Help Me Continue to Help Others

It all started with the Peace Corps, in 1964. I was eight years old when I saw my first Peace Corps commercial and though I know it sounds corny, it was at that moment that I realized I wanted to spend my life in service to others. 

When I joined the Peace Corps 53 years later, in 2017, for the first time in my life, I was finally able to fully realize my dream of living my life in service of others. I chose to serve in Madagasear. My official position within Peace Corps was an English teacher, in Mahajanga (a resort town on the west coast, population about 400,000), and I gave my all to my students, ranging from K-10th grade, in three different schools. 

Living in one of the world’s poorest nations, I was overwhelmed by all the street dogs I saw, something you don’t see very much in the u.s. Despite living on only $200 per-month, and with almost no money to spare, I started feeding four neighborhood dogs who lived nearby. 

Me with some of the college students I’ve helped.

After I left Peace Corps and left Madagascar (2019), I worked with the Humane Society in Belize, where we had a monthly clinic where we rounded up dogs and cats and brought them in for free spaying/neutering. We made a huge difference in the lives of Placencia area pets. I returned to Madagascar in early 2020, just before Covid closed our borders for nearly two years.

Living off of my Social Security retirement benefits, I had enough money to start feeding the seven dogs who lived across the street from me, every evening around 10:00 p.m. when I would sneak outside and feed them from two large plastic tubs full of home made dog food (rice, fresh fish, canned dog food, shredded carrots, maybe an egg or two). I was fearful to let the neighbors see me feeding the dogs because that might inspire someone to poison the dogs — sadly, a common occurrence in Madagascar because Malagasy people are taught that dogs are demonic.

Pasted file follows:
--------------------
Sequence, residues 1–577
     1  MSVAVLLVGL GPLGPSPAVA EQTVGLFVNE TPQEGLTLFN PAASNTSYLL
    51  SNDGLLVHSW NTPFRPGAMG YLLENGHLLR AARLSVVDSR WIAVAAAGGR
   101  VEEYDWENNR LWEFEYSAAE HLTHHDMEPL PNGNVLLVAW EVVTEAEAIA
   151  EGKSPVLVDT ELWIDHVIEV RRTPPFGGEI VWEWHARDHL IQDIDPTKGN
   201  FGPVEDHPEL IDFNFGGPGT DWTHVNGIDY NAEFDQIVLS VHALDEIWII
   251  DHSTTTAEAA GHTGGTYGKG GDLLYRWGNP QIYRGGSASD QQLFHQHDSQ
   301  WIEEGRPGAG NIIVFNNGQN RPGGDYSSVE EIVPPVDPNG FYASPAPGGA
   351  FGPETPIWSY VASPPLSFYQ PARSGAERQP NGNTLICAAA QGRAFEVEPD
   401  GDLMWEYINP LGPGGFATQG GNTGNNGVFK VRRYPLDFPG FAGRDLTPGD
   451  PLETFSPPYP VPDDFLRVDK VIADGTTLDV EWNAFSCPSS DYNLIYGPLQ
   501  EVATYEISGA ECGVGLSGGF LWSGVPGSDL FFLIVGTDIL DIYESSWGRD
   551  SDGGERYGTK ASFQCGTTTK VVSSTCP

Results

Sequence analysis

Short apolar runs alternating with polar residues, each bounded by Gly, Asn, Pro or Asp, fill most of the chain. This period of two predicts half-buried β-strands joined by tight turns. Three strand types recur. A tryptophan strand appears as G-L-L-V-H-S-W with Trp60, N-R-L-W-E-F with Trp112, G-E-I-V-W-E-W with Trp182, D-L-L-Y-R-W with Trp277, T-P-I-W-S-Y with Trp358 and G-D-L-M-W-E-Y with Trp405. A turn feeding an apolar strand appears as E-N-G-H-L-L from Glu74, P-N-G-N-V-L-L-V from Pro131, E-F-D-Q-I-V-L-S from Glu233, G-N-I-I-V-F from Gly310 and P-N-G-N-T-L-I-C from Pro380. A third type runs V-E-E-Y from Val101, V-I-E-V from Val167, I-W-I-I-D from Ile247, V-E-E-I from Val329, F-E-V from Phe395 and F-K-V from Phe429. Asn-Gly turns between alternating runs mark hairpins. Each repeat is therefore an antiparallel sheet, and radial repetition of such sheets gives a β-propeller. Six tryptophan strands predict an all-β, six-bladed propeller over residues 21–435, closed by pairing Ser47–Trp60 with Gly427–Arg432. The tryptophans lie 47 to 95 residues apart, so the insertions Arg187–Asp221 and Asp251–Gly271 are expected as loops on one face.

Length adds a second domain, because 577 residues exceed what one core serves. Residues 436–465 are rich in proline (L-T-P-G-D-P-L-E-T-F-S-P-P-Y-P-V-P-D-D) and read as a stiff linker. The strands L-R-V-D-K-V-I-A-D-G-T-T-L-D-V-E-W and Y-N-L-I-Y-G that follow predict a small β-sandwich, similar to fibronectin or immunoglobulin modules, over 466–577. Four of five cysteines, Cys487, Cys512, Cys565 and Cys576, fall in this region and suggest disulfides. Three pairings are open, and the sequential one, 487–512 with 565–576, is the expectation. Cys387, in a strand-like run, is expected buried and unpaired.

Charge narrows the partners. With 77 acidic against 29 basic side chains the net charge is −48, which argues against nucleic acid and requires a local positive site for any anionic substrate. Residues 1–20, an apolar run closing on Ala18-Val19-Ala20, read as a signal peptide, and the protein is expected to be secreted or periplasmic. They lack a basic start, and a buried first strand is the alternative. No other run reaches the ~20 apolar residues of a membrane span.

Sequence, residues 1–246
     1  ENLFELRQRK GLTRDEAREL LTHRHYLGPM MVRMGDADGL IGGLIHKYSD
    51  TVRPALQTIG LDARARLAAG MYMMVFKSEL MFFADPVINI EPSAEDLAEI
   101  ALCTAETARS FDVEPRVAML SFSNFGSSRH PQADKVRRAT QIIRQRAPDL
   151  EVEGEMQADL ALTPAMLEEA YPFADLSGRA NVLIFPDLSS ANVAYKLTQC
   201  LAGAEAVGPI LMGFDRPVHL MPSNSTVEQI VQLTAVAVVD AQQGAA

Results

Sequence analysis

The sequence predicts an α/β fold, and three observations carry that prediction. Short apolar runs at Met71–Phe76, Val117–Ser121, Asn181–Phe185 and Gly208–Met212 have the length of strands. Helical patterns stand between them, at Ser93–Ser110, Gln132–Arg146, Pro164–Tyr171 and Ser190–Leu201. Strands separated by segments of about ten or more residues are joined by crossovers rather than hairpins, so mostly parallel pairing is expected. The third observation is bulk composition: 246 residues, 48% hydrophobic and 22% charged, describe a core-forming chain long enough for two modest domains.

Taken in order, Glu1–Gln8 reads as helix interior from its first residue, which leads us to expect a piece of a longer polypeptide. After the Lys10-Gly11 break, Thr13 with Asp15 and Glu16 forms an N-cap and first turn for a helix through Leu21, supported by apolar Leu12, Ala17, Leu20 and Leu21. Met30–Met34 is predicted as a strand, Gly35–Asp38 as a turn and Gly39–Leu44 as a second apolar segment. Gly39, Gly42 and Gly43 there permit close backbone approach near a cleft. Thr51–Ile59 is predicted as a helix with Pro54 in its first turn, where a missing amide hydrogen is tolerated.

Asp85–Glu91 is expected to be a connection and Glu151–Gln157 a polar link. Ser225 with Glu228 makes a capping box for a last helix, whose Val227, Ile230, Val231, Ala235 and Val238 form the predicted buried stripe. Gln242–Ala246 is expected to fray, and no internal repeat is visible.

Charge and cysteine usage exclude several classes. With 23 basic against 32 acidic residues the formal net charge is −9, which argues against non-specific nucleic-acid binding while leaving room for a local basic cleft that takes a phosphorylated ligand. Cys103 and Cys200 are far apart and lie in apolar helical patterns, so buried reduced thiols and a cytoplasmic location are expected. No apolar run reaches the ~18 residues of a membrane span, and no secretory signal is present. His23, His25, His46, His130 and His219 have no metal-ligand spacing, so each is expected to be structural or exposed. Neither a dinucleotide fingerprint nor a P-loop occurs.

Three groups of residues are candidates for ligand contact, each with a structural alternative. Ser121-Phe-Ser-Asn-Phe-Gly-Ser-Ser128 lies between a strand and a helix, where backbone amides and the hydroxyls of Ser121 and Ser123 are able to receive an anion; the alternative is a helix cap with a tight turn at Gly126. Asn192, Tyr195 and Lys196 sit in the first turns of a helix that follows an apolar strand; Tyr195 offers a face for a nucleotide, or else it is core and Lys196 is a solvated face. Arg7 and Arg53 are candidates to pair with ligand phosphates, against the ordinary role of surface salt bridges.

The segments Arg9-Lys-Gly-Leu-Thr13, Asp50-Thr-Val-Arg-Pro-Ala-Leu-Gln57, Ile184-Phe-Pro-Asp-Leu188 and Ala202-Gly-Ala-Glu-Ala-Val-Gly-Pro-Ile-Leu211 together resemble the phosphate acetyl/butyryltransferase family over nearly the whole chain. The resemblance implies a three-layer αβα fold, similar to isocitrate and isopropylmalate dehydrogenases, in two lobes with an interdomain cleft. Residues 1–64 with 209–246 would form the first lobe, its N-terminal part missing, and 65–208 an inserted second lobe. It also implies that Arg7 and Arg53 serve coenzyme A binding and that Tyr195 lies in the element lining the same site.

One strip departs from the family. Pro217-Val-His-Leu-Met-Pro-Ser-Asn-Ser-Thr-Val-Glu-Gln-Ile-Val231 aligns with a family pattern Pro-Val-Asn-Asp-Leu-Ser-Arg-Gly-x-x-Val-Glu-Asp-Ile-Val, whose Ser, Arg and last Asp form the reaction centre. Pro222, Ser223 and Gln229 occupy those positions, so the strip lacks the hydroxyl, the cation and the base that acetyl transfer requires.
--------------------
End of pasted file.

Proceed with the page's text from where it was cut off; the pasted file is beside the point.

In my daily travels around Mahajanga, I encountered more and more needy dogs, so three times each week, I would go out around town and feed some of these dogs, many of whom had owners. I also started working with a few veterinarians to provide needed medical care, birth control, and vaccines — all of which I paid for out of my own funds.

A few months later, my friend, Olivia, introduced me to the first orphanage we would support, operated by the City of Mahajanga, located in Mangarivotra, with about 18 kids. Then, in 2021, she introduced me to a second orphanage, this one privately owned/funded (Centre Fanovozantsoa), located in Tsaralaza, but comprised almost exclusively of street kids. There were about 25 kids living there, some of the youngest sleeping two to a bed because they were just packed into their space.

Working with the kids these past few years, has been one of my greatest joys. The kids are so wonderful, and most had never had any experience with arts and crafts, so I taught them how to do all sorts crafts, crocheting, working with glue and glue sticks, origami, painting, coloring with crayons, coloring with melting crayons, cutting snowflakes, yarn work, etc. I also made it a point to take each child shopping for his/her birthday each year so they could pick out whatever gift they wanted.

Arts & crafts at Centre Fanovozantsoa and former street kids.

But Olivia wasn’t done. She also introduced me to a special needs school, where we enrolled Rija, one of the city-run orphanage’s kids, and from there, we ended up sponsoring seven other special needs children, many of whom were simply stuck inside their homes most of their lives, hidden from view, families either ashamed or unaware of what to do for them. In addition, several of these families had never taken their child to a neurologist, simply because they either were unaware, or lacked funds. We take each child to a neurologist twice annually, where medications are often prescribed, which we purchase each month and deliver to each child.


As I posted all my goings-on on Facebook, many of my FB friends started sending me small donations to help me help the kids and the critters, and afraid all these donations were going to affect my Social Security, I decided it would be best to start a nonprofit. This is why I formed Mama Leeza Cares, Inc.